Harvard professor Niall Ferguson’s belief, caught on the hop, that John Maynard Keynes’s homosexuality and lack of children led to recklessness when it came to the effects of his economic theories is widespread among conservatives, though few are foolish enough to express it out loud. At a conference in California last week, the prolific contrarian Ferguson “asked the audience how many children Keynes had. He explained that Keynes had none because he was a homosexual and was married to a ballerina, with whom he likely talked of ‘poetry’ rather than procreated.” Keynes’s lack of children and grandchildren, Ferguson implied, is why he blithely proposed large-scale long-term debt.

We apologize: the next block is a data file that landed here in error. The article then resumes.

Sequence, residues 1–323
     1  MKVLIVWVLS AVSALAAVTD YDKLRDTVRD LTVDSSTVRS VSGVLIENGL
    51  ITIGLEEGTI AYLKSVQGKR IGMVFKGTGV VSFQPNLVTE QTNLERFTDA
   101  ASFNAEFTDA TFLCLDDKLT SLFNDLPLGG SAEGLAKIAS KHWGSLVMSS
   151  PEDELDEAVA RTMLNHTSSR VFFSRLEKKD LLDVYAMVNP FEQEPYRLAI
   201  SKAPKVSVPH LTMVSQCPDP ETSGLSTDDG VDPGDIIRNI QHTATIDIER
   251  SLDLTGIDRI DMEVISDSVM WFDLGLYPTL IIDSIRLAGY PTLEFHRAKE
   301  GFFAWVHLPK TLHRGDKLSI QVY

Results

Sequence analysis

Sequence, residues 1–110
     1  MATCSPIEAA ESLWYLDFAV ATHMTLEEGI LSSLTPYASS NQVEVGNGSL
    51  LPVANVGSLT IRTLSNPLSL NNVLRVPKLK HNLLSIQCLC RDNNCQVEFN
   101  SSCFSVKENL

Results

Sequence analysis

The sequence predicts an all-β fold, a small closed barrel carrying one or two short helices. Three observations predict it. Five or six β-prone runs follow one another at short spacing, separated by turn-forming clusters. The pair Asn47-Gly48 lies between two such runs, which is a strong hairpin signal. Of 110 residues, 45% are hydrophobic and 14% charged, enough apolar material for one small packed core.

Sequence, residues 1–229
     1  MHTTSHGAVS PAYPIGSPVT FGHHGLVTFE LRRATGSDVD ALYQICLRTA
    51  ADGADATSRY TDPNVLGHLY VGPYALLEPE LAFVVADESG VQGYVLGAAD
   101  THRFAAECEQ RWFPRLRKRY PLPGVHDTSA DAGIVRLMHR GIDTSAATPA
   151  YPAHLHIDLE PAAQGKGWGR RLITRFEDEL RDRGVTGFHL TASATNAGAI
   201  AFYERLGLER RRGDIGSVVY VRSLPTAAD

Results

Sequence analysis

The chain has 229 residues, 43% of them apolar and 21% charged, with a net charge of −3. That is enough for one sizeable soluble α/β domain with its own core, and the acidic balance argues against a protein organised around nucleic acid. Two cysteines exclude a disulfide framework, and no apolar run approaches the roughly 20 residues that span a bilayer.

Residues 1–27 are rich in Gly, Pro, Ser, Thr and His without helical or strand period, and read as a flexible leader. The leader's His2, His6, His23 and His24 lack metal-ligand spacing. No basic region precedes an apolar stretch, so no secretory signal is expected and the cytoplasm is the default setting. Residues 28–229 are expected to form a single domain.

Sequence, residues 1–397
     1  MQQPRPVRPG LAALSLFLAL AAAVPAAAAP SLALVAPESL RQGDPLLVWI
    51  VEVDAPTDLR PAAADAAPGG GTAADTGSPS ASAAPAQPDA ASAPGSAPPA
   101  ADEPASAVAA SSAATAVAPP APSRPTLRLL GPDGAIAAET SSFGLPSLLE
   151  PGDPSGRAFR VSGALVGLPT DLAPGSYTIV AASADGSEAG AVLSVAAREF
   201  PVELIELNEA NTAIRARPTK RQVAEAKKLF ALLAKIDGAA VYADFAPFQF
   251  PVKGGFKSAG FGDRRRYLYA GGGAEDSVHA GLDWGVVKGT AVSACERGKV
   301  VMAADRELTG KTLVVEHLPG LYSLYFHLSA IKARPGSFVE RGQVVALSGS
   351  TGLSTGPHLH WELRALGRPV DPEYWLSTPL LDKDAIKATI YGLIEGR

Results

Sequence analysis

The outcome of the sequester ultimatum appears to have taken everyone by surprise. Two long summers ago, when the president and House speaker John Boehner conjured a prospect so terrible that even spending on defense would be deeply cut, they both assumed Congress would buckle rather than approve such a blow to the nation’s pride. According to Bob Woodward’s The Price of Politics, Boehner said, “Guys, this would be devastating to Defense. This is never going to happen.”
If free-market economists were serious about their ideas, they would surely be arguing vociferously right now for the economy to plunge over the fiscal cliff. But where are the laissez-faire economists lining up to urge John Boehner to lead his Tea Party tribe in the House to veto all compromise and put our money where their mouths are? They are strangely silent. Instead, the debate is about how Keynesian we should be.